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International observers and media following China’s “two sessions” have hailed the government work report delivered by Premier Li Keqiang to national lawmakers Saturday.

Experts said slower growth in China in 2016 will be good for structural reform and that the outlook for the country and the world remained positive.


Li announced in the report a 6.5 percent to 7 percent expansion goal for 2016, down from the some 7-percent growth rate last year. He also unveiled a record fiscal deficit.

The announcement marked China’s adoption of a range for its growth target rather than a specific number for the first time in two decades.

James Laurenceson, economist and deputy director of the Australia-China Relations Institute, said China’s goals elaborated in the work report were “a positive development.”

Wall Street Journal said China’s adoption of a range for its growth target rather than a specific number would give itself more flexibility in a system where hitting stated goals remains politically important.

Even faced with remarkable downward pressure, China’s growth forecast is still above expectations of some Western economists and the International Monetary Fund, said the paper.

Tom Orlik, chief Asia economist at Bloomberg Intelligence in Beijing, confirmed the positive nature of China’s growth target.

“The headline message is that the GDP growth target is slightly lower, but still ambitious. That’s testing but achievable,” he said.

Bert Hofman, World Bank’s country director, said the announced range for the indicative GDP growth rate is welcome. “It provides needed flexibility for balancing structural reforms and demand management,” he was quoted as saying by Bloomberg.


China pledged in the 13th Five-Year Plan to pick up the slack left by falling productivity and weak property investment, accelerate the restructuring of its bloated state-owned industries, and continue pushing the economy from decades-old dependence on investment and manufacturing toward consumption and service industry, experts said.

According to IG market analyst Angus Nicholson from Australia, China’s reform is “very much significant and signifies the direction that the government is trying to take the country.”

“That really underscores the fact that a lot of the excess capacity is in the secondary sector. The industrial sector is steadily going to have to be dealt with throughout the next five years,” he said.

“In this sense, supply-side reform does make significant progress, stimulus is required to offset the short-term drag on demand,” noted Orlik.

“In order to hit the target and offset the short-term drag from industrial restructuring, monetary and fiscal policy support will both be expanded,” he said.

Attempts to revive the property sector may move into higher gear. The government plans to encourage more mortgage lending, lower the cost of property transactions and urge investors to buy and lease inventory.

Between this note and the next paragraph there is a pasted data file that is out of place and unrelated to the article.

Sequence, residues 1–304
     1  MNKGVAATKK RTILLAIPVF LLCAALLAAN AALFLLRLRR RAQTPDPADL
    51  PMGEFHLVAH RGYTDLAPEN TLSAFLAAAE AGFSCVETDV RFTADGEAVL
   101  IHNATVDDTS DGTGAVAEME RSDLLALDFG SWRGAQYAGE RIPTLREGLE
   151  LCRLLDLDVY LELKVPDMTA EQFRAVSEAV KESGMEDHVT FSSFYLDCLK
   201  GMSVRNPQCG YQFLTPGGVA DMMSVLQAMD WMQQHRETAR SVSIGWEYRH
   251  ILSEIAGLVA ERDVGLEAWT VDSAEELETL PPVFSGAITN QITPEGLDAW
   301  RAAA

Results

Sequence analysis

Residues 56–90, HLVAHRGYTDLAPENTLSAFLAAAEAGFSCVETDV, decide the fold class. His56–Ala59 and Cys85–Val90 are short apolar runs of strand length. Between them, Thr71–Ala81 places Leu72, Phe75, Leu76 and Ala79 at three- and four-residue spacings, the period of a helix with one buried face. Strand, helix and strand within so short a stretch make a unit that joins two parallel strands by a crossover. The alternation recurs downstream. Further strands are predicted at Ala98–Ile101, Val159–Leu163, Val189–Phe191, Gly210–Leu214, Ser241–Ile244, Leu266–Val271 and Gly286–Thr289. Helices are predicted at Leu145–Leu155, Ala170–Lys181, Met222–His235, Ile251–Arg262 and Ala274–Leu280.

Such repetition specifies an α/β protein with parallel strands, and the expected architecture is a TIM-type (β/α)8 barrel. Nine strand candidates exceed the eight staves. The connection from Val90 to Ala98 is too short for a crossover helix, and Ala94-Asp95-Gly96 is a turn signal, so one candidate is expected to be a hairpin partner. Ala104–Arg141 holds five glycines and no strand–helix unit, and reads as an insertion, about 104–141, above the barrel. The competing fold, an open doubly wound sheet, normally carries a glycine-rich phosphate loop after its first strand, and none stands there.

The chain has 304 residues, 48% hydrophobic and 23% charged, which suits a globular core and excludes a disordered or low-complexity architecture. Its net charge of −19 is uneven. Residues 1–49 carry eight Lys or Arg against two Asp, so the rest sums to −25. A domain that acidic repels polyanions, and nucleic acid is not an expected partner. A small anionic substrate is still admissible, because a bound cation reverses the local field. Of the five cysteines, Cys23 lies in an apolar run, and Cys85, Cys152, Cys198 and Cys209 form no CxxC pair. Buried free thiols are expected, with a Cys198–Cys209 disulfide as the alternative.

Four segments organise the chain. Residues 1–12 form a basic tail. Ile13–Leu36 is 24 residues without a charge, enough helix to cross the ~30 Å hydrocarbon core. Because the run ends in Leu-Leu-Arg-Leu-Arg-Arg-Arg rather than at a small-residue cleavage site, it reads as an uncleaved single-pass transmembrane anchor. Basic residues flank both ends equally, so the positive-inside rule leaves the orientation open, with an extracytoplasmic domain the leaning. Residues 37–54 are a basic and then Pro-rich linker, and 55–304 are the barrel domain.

Analysts said that the focus of China’s reform is on addressing overcapacity. The government said cuts in steel and coal will be “major work,” and promised to deal with zombie companies “properly” and to strengthen supply-side reform.

Laurenceson of the Australia-China Relations Institute argued that China’s growth expectation would commit policymakers to readjustment.

“It commits them to reform. It gives them an added incentive to do what they need to do, even if it’s tough to achieve the goals they set out,” said Laurenceson. “You can’t get 6.5 percent growth doing exactly what (China) is doing now.”


IG’s Nicholson said that over the last year, international traders have become more “sanguine” on China news.
“The key thing for markets going forward are certainly the fact that more fiscal spending is coming … the fiscal deficit will be raised to 3-percent of GDP for 2016,” Nicholson said.

“All of that is supportive of markets, but of course a key focus for particularly global investors will be what happens to the currency and are we going to see the Chinese yuan stay at a stable level or is there going to be a further depreciation or even a major one-off devaluation,” he noted.

Nicholson added that China’s emphasis on restructuring and service sector and its ambition to create a moderately prosperous society will moved the national economy in the right direction and bring a lot of opportunities.

“Opening up elements of China’s services economy to foreign enterprises are a great way to spread those opportunities and benefits to the globe,” he said.

However, experts pointed out that the supply-side reforms to deal with overcapacity in the industrial sector mean those companies structured to China’s previous heavy investment-led growth are still waiting for some tough times to come.

“That is still having some significant effects on how the world economy functions and China’s role in directing a lot of global trade and investment,” Nicholson said.

He noted that low or even negative interest rates, loose monetary policies and currency devaluation in many countries are a major concern for China and could really hinder its GDP growth targets.

However, he pointed out that “there are some very sound targets (in Li’s report) and there’s some clear understanding of the issues in the Chinese economy and hopefully that will be dealt with steadily over the next five years.”

“I have this fundamental confidence that the pressure for the Chinese government to achieve growth means the reforms will happen” despite opposition from specific interest groups, Laurenceson said. “(The reform) is difficult but the imperatives are so strong that I’m optimistic it will happen.” Enditem

Source: Xinhua


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